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Naccache, L. (2010). A Few Suggestions about Suggestion, Psychoanalysis, and Neuroscience. Neuropsychoanalysis, 12(1):32-34.

(2010). Neuropsychoanalysis, 12(1):32-34

A Few Suggestions about Suggestion, Psychoanalysis, and Neuroscience Related Papers

Commentary by
Lionel Naccache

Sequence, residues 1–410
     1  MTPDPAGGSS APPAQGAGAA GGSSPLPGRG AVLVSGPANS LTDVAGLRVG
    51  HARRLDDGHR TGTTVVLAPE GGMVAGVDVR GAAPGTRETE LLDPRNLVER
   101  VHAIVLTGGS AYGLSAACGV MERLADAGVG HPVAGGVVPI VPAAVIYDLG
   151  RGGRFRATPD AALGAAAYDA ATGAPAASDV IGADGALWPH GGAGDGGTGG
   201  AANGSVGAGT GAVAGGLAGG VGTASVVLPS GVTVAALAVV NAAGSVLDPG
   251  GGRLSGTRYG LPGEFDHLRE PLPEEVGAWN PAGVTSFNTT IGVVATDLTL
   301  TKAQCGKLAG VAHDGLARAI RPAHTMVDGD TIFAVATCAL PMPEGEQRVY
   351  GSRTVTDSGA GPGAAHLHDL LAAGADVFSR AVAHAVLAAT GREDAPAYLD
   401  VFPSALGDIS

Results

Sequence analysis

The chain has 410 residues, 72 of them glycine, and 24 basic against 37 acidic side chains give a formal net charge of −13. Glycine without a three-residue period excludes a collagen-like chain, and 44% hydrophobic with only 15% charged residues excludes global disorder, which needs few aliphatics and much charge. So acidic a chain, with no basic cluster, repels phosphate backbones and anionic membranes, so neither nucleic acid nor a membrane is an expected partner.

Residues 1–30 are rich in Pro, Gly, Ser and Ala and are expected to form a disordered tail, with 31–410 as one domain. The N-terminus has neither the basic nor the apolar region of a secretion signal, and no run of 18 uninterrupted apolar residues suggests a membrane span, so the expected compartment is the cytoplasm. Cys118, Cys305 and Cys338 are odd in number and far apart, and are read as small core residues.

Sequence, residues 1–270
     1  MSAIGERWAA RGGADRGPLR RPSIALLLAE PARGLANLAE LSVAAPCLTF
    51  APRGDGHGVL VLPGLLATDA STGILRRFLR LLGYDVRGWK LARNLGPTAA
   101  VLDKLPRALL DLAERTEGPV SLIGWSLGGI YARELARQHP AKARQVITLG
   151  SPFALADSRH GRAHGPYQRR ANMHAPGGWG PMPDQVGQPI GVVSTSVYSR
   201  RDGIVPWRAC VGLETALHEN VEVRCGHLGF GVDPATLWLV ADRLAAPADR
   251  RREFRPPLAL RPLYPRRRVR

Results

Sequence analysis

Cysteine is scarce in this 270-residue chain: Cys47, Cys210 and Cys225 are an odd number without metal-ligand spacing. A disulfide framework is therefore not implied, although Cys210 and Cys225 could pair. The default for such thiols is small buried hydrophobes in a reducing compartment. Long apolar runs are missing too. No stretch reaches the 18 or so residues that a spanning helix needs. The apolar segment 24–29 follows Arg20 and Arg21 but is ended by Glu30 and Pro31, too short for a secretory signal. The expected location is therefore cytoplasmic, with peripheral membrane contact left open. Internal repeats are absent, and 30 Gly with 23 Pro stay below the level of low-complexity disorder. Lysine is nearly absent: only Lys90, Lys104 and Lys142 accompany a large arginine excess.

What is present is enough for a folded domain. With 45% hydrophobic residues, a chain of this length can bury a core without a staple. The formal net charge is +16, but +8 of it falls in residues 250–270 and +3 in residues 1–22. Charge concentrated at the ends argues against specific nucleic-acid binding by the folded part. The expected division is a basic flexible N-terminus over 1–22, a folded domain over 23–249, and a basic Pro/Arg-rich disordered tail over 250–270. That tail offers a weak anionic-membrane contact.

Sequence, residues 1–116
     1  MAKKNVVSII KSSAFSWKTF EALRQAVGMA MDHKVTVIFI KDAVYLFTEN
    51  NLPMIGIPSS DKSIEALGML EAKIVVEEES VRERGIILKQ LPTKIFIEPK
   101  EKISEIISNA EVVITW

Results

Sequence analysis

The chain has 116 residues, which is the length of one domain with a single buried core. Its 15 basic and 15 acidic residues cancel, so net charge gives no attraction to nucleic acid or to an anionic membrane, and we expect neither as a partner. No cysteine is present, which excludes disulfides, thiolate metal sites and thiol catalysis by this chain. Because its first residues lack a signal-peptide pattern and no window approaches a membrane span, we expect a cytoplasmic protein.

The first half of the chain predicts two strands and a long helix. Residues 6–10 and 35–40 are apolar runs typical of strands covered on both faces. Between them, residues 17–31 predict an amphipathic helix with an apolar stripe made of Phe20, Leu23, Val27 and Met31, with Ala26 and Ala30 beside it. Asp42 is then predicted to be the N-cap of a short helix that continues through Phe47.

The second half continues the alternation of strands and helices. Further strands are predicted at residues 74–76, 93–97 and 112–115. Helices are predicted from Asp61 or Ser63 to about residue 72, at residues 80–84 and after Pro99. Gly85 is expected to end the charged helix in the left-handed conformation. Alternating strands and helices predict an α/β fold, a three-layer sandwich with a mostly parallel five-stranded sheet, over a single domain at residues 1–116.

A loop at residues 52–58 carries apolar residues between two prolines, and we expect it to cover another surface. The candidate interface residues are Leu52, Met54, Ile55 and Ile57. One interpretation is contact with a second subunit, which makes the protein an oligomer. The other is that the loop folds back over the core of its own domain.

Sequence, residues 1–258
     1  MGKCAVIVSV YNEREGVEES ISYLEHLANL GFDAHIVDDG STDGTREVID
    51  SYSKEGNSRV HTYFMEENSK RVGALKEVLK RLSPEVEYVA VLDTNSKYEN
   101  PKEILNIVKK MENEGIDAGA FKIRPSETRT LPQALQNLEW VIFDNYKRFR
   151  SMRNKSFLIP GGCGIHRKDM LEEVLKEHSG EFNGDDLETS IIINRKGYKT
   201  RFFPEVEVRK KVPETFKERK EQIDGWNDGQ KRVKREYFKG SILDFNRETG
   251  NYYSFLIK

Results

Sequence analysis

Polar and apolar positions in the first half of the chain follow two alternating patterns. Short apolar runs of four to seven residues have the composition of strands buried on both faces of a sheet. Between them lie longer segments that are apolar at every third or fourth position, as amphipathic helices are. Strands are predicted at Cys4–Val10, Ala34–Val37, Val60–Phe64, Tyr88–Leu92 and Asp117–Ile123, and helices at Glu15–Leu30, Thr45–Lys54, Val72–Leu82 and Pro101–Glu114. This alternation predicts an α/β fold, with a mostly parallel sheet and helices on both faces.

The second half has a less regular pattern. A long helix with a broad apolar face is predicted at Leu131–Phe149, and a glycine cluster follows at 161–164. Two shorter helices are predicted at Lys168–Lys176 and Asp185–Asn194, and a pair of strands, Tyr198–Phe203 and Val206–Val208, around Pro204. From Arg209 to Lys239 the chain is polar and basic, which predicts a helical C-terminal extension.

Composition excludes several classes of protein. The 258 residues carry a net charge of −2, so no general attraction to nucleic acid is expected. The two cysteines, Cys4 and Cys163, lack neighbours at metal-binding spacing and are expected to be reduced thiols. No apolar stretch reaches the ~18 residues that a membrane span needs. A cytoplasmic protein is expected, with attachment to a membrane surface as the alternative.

Suggestion is a crucial phenomenon to test the relevance of cross-studies between psychoanalysis and cognitive neuroscience. In their target paper, Raz & Wolfson present substantive arguments to defend the idea that functional brain imaging and contemporary electrophysiological tools can shed new light on the mechanisms at work in suggestion. However, they also emphasize the existence of serious potential pitfalls and of both methodological and theoretical limitations in this project of convergence. I develop here some reasons to be optimistic on the fecundity of this project, and, more largely, I advocate a hetero-phenomenology approach to elaborate a neuroscientific theory of subjectivity. Within this project, psychoanalysis is not considered as a science but as a first-person psychology endowed with a potentially rich source of knowledge. However, this richness is not to be found in the theoretical claims of psychoanalysis—which are open to the same errors as other purely introspective thoughts—but, rather, in the substantial empirical evidence experienced by the patients and by the therapists during the cure.

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